There is a large amount of research that focuses on what factors contribute to quality and commitment in intimate relationships. Much of the existing research explores negative factors such as stress, health, work demands, family obligations, income, and mental health issues. Less is known, however, about the effect of positive events. To examine how positive and negative experiences influence several relationship domains, Casey J. Totenhagen of the Norton School of Family and Consumer Sciences at the University of Arizona recently led a study involving intimate partners of various ages from a local university.
Totenhagen collected seven days of data that detailed each participant’s daily events and how they affected their interactions with their intimate partner on the same day and on days immediately following. She looked specifically at how hassles, uplifts, and positive events affected commitment, satisfaction, conflict, closeness, and ambivalence in the couples. She also identified which uplifts were social, involving someone other than the partner, or nonsocial, involving the participant alone. The results revealed that daily hassles did not affect relationship quality significantly, regardless of whether they were social or nonsocial.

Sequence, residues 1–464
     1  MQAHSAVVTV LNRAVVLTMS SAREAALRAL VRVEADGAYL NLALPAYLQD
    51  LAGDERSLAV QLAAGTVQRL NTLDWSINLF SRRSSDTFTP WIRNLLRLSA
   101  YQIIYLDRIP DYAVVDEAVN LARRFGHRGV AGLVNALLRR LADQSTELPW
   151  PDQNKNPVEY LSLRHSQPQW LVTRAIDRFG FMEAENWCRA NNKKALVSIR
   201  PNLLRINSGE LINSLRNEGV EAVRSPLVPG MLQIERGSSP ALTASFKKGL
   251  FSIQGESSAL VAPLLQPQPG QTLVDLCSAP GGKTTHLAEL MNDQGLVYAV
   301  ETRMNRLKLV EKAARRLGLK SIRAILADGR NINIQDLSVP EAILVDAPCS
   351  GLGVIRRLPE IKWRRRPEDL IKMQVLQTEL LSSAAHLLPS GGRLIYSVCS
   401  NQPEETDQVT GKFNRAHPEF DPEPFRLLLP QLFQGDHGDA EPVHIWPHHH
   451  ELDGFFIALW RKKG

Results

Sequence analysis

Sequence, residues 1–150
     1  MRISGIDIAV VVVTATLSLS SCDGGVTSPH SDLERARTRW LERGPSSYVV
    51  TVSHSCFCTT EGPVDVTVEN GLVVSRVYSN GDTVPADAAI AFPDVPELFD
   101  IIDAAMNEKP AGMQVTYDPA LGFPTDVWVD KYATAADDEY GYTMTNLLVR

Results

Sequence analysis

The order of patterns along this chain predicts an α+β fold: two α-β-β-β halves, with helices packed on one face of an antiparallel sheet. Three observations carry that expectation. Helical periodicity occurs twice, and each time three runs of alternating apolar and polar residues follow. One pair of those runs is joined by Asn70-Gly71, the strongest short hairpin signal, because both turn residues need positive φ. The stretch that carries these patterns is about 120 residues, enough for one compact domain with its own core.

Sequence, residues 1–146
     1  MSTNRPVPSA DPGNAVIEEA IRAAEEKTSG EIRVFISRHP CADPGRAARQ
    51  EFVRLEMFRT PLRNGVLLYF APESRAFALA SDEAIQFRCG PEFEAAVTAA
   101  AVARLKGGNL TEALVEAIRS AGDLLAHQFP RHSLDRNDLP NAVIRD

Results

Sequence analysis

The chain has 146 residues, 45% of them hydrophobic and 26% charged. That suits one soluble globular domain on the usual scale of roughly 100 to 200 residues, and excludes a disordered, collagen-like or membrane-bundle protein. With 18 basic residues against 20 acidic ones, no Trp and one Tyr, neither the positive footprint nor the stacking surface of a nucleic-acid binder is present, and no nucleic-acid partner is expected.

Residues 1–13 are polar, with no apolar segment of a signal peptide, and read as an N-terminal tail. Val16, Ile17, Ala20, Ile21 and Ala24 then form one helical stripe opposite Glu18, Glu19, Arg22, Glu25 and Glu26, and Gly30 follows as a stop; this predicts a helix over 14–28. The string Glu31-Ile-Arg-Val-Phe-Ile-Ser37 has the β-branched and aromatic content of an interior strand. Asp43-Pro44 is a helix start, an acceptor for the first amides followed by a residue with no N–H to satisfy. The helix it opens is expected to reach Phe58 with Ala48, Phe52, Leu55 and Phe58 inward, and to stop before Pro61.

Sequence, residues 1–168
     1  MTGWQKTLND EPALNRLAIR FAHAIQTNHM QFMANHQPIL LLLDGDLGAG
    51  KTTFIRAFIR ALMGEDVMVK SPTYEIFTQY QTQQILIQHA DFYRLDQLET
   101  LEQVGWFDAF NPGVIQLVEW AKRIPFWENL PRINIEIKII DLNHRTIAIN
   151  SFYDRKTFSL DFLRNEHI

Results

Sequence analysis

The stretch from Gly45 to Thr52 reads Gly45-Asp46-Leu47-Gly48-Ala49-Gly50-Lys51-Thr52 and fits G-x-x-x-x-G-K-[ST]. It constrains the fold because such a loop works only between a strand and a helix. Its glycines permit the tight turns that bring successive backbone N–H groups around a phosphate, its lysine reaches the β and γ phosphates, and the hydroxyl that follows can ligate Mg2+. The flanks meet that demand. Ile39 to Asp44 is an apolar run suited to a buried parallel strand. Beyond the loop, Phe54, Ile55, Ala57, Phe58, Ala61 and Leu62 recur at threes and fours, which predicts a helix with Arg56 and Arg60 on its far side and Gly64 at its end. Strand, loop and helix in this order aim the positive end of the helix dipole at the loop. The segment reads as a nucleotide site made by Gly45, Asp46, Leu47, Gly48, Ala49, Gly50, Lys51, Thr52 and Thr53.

However, Totenhagen found that uplifts had unique impacts on relationship quality. “Here, we find that nonsocial events—particularly uplifting events—play a more prominent role in relationship quality, especially when relationship quality is positive,” she said. In particular, uplifts improved the tone of the relationship on the day of the event, but decreased relationship quality, except with respect to commitment, on the following days. One explanation for this is that participants’ moods may have been so elevated when the uplift occurred that when moods returned to baseline in the days after, this shift may have been perceived as a negative result of the uplifting event. Totenhagen believes that this new evidence highlighting the benefit of nonsocial uplifts on relationships suggests that interpersonal positive occurrences may bolster self-esteem and self-confidence, creating a spillover effect on relationship satisfaction. The findings here are limited because “following-day” effects were not always consecutive, prompting the need for more qualitative research in this area. Regardless, these results do provide new insight into the multidimensional consequences of uplifting events on relationship quality.
Totenhagen, Casey J., Joyce Serido, Melissa A. Curran, and Emily A. Butler. Daily hassles and uplifts: A diary study on understanding relationship quality. Journal of Family Psychology 26.5 (2012): 719-28. Print.
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